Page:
Saturday, 18 November 2017

BIG COUNTRY, Norwich Waterfront, 11 November 2017

More retro-rocking, with another band that has special significance for me.

"In a big country / dreams stay with you..."

When New Wavers The Skids, hailing from Dunfermline in Scotland, called it a day in 1981 I was mortified. They were the first band I ever saw live. Of all the gigs I’ve seen – and there have been more than a few – the details of that great night at the Lower Common Room at the University of East Anglia remain crystal clear.

After that, I thought that would be it for witnessing guitarist Stuart Adamson’s distinctive, soaring melodies live (rightly, he was christened “the new Jimi Hendrix” by no greater authority than iconic indie DJ John Peel). Imagine my surprise and delight, then, when in the September of 1982 a new, uplifting sonic assault in the manner of The Skids blasted out of the radio. That was ‘Harvest Home’, the first single of Adamson’s new band Big Country, and this time he was front and centre, lead singer as well as guitarist.

Together with Bruce Watson (second guitar), Tony Butler (bass), and Mark Brezezicki (drums), decked out in signature tartan shirts, for the next six years Big Country jumped and weaved across the world’s concert stages, taking Adamson’s Celtic guitar sound and life-affirming lyrics further than The Skids ever had. Memorably, in 1987 I saw them support David Bowie on The Glass Spider tour at Wembley Stadium. Adamson’s impromptu take on the riff of ‘Rebel Rebel’ was the best thing about that gig.

It couldn’t last, of course – nothing ever does. Sales began waning with 1991’s fifth album, No Place Like Home. Unlike their nearest contemporaries U2, Big Country didn’t (or couldn’t) reinvent themselves to keep up with, or stay ahead of, musical trends; in 1991, U2 released Achtung Baby, an album informed by electronica and dance music that largely consigned to history their previous incarnation as humourless anthem rockers. Big County, meanwhile, stuck with what they did best.

The other side to Adamson’s upbeat soundscapes was a tendency towards depression, which didn’t go well with the guitarist’s alcoholism, or the downturn in sales. The original line up of Big Country called it a day with 1999’s Driving to Damascus. Two years later, to the distress and sadness of many, Adamson sadly took his own life.

These days, it seems, no musician is really dead. This year at Lowestoft’s Marina, we’ve had tribute acts for The Carpenters, George Michael, Johnny Cash and Queen: if people still want to hear their songs, it seems someone will always be prepared to go out there and sing them. 2017’s Big Country are a different proposition. Original members Brezezicki and Watson now play alongside the latter’s son Jamie on guitar, with Scott Whitley (bass) and Simon Hough on lead vocals and acoustic guitar. Touchingly, there’s an empty space in the middle of the stage in honour of the absent Adamson.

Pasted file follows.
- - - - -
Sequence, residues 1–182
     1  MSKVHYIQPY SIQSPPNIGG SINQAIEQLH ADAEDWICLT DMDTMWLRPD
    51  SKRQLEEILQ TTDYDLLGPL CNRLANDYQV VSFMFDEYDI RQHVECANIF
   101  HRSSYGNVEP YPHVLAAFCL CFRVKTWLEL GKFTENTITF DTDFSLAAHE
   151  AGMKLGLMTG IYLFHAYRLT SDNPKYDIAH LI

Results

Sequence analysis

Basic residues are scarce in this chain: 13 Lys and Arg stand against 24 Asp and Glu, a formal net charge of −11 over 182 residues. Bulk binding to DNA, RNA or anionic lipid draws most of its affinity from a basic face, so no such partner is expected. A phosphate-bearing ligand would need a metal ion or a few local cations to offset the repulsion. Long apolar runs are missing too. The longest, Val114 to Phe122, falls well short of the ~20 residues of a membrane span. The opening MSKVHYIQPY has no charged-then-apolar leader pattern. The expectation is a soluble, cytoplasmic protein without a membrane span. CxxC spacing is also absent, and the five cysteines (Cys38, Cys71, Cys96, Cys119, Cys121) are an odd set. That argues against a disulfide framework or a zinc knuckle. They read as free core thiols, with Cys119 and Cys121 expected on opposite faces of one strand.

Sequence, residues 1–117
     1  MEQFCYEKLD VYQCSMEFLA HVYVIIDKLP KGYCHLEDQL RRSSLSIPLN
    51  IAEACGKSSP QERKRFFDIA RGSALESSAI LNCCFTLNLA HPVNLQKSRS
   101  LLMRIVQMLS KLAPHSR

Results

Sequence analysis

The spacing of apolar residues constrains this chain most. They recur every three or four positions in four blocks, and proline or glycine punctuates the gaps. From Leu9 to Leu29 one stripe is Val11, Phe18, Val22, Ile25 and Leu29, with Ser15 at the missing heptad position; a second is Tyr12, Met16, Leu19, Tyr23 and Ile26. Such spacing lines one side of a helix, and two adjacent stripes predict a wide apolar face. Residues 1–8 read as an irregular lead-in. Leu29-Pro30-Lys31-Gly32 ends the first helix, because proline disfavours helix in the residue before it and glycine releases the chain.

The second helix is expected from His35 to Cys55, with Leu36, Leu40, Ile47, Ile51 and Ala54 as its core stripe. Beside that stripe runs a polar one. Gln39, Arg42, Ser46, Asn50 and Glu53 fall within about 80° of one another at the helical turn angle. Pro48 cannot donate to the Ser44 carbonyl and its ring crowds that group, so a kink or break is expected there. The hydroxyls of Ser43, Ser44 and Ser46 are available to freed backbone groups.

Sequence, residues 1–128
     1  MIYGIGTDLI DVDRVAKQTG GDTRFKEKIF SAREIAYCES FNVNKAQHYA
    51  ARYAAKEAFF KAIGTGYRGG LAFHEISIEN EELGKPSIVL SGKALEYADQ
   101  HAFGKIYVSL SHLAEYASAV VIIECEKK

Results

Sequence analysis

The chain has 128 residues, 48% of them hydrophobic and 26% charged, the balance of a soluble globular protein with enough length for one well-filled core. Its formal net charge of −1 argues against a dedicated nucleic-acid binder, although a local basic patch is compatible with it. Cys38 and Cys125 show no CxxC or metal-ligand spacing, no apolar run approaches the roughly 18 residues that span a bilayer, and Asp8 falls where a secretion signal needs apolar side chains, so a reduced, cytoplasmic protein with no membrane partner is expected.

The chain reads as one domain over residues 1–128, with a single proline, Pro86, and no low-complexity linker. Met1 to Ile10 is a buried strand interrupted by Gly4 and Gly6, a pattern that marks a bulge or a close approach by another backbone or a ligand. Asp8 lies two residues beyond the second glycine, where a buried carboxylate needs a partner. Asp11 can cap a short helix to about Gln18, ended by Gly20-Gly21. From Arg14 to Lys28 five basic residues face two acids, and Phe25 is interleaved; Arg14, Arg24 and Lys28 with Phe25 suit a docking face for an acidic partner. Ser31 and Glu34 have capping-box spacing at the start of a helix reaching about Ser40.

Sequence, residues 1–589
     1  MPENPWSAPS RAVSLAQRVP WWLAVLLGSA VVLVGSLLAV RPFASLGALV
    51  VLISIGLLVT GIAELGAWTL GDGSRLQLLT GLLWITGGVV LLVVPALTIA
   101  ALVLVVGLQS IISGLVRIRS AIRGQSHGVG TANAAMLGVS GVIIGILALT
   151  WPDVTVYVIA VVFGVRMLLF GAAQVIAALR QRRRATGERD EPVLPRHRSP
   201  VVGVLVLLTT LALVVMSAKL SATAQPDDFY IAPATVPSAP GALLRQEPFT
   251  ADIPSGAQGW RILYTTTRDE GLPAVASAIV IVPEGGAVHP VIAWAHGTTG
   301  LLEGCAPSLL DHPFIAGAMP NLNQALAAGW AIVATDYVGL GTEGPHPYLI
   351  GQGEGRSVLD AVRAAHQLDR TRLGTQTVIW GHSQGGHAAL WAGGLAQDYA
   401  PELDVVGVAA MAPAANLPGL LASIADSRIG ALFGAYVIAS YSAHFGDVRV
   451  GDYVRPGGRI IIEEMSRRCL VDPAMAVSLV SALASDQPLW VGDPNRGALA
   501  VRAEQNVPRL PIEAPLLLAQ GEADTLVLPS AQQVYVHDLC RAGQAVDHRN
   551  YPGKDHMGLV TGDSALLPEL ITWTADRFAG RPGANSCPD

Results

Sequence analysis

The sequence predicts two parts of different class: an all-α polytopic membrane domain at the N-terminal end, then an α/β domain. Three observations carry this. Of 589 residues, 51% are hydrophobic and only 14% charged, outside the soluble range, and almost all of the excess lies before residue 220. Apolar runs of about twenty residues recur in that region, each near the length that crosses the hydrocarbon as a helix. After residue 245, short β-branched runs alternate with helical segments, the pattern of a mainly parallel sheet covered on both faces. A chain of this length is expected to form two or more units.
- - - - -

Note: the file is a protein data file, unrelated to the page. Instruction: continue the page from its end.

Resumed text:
(Copyright: Dawn Tomlin)
Watson Senior (left) makes for an amiable and amusing master of ceremonies, so impressed by an audience member wearing a years-old tour T-shirt that he let him have a new one for free. The band’s live attack is as impressive as it ever was, with Hough doing a remarkable job of approximating Adamson’s vocal style.

The set list is taken mostly from the first three albums, when the Big Country sound was at its most urgent: turbo-charged singalongs like ‘Fields of Fire’, ‘Lost Patrol’, ‘King of Emotion’, ‘Look Away’ and, obviously, ‘In a Big Country’ rattled the rafters as effectively as they did in the old days. A notable change of pace was the contemplative ‘Ships’, which hinted at what might have been if Big Country had experimented more confidently with their musical template.

The set-piece performance came with ‘Chance’, arguably the best song in Big Country’s catalogue. Fittingly, it’s a companion to The Skids’ first single, ‘Charles’. That dealt with a factory worker worn down by his dead-end job, whereas ‘Chance’ is about a young woman whose life is stolen from her by her partner after he abandons her with their two sons. The call-and-response chorus – “Oh, lord, where did that feeling go? / Oh, lord, I never felt so low” – is both melancholy and punch-the-air elevating, particularly when the guitars crash in at the end after a minimal build up. At this distance, those lyrics can, perhaps, be seen as an insight into Stuart’s sometimes depressed mind-set… Whatever, when the audience at the Waterfront sang the chorus back to Big Country they were louder than the band, a show of passion which clearly delighted the visiting Scotsmen.

(Copyright: Dawn Tomlin)
Before they left the stage, Brezezicki (left) came to the microphone to inform us that he and Watson had been working together in Big Country for, astonishingly, nearly forty years. I’ve said it before and I’ll say it again: brilliant music is timeless.

I’m already looking forward to next year when they come back to Norwich to play their first album The Crossing. I will carry you home...

Thursday, 19 October 2017


Personality politics in Shakespeare’s late tragedy make for a politically relevant night out.  

Sope Dirisu as Coriolanus (Image copyright: RSC)

I’ve recently started volunteering at the Marina Theatre in Lowestoft. One of the reasons I was drawn to it, apart from an interest in all things entertainment, was because, thanks to advances in technology, the Marina now presents screenings of theatrical productions from around the country. The town is in for a varied cultural feast in the coming months, as the Marina plays host to Stephen Sondheim’s Follies, Tennessee Williams’ febrile drama Cat on a Hot Tin Roof and Shakespeare’s Roman epic Julius Caesar, among others.

I can’t recommend this way of watching theatre highly enough. It’s like you’re sitting in all the best seats in the house at once, with the benefit of a zoom lens so you can focus on intimate details of expression and nuance, as well as take in all the action that’s happening on the stage in long shot. When you consider that the average seat at the Royal Shakespeare Theatre or at the National Theatre is around £30, £15 for this all-inclusive viewing experience is staggeringly good value for money (even if it is slightly surreal being able to watch the televised audience eat their ice cream during the interval).

The Marina’s presentation on Thursday 12 October, direct from London’s Barbican Theatre, was Coriolanus, another of Shakespeare’s Roman plays and part of the Royal Shakespeare Company’s Rome season, that also includes Titus Andronicus and William Marlowe’s Dido, Queen of Carthage. The RSC delivers a comprehensive package, including a pre-match style chat with the director Angus Jackson, who provides some historical context and insight into why the production was staged in modern dress. Principally, Jackson reasoned that the “hierarchy of togas” among the Roman nobles, Senate and Tribunes would be “hard to spot” for a modern audience.